Nocturnal sleep mediates the relationship between morningness–eveningness preference and the sleep architecture of afternoon naps in university students

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Abstract

The present study investigated the parameters of nocturnal sleep that mediate the relationship between morningness–eveningness preference and the sleep architecture of naps in university students. This study had a cross-sectional, descriptive correlational design. The sleep architecture of 52 students invited to take an afternoon nap in the laboratory was recorded. The morningness–eveningness questionnaire (MEQ) was used to evaluate morningness–eveningness preference. An actigraph was used to collect students’ nighttime sleep data in the week preceding the study. Polysomnography was used to measure the sleep architecture of the participants’ naps. After adjustments for potential factors, although the MEQ did not directly correlate with the percentage of sleep stages in naps, the effects of the MEQ on the percentage of Stage 1 sleep, slow-wave sleep, and rapid eye movement sleep; sleep duration; and sleep efficiency of naps were mediated by the total sleep time in the preceding week. This preliminary study suggests that nap quality was affected by morningness–eveningness preference through the mediation of total nocturnal sleep time. Therefore, future studies should be carefully designed to consider nighttime sleep patterns when analyzing the effects of chronotypes on daytime sleep.

Original languageEnglish
Article numbere0185616
JournalPLoS One
Volume12
Issue number10
DOIs
Publication statusPublished - Oct 1 2017

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college students
sleep
Sleep
Students
Sleep Stages
questionnaires
students
actigraphy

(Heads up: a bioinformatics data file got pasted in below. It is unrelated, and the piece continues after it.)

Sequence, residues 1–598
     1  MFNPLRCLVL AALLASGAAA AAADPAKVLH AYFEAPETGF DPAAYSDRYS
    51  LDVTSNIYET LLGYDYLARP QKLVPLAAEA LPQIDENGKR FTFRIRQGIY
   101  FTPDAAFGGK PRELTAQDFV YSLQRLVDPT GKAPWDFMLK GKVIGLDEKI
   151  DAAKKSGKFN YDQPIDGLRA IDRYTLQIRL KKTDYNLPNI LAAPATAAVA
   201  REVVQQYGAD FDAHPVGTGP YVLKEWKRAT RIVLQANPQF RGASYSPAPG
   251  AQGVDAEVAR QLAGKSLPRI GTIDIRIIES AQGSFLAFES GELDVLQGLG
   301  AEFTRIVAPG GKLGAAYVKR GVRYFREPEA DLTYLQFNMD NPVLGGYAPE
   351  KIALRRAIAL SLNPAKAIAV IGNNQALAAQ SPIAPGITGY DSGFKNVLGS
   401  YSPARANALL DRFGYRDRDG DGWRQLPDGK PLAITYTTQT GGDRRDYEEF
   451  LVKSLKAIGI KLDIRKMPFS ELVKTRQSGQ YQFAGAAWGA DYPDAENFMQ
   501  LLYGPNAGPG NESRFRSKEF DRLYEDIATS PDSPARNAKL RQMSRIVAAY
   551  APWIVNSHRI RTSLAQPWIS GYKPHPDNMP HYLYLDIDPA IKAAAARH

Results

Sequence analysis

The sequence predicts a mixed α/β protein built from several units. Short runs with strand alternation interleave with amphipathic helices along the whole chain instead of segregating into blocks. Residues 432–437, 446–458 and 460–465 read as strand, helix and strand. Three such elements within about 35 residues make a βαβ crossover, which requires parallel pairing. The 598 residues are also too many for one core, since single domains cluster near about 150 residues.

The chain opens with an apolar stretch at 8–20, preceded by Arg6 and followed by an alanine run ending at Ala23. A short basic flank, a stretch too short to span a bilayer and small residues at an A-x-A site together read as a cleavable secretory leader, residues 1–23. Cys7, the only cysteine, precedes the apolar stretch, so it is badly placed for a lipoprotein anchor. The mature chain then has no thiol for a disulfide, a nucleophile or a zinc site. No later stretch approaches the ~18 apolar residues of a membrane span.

Polysomnography
REM Sleep
Eye movements
cross-sectional studies
eyes

ASJC Scopus subject areas

  • Biochemistry, Genetics and Molecular Biology(all)
  • Agricultural and Biological Sciences(all)

Cite this

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title = "Nocturnal sleep mediates the relationship between morningness–eveningness preference and the sleep architecture of afternoon naps in university students",
abstract = "The present study investigated the parameters of nocturnal sleep that mediate the relationship between morningness–eveningness preference and the sleep architecture of naps in university students. This study had a cross-sectional, descriptive correlational design. The sleep architecture of 52 students invited to take an afternoon nap in the laboratory was recorded. The morningness–eveningness questionnaire (MEQ) was used to evaluate morningness–eveningness preference. An actigraph was used to collect students’ nighttime sleep data in the week preceding the study. Polysomnography was used to measure the sleep architecture of the participants’ naps. After adjustments for potential factors, although the MEQ did not directly correlate with the percentage of sleep stages in naps, the effects of the MEQ on the percentage of Stage 1 sleep, slow-wave sleep, and rapid eye movement sleep; sleep duration; and sleep efficiency of naps were mediated by the total sleep time in the preceding week. This preliminary study suggests that nap quality was affected by morningness–eveningness preference through the mediation of total nocturnal sleep time. Therefore, future studies should be carefully designed to consider nighttime sleep patterns when analyzing the effects of chronotypes on daytime sleep.",
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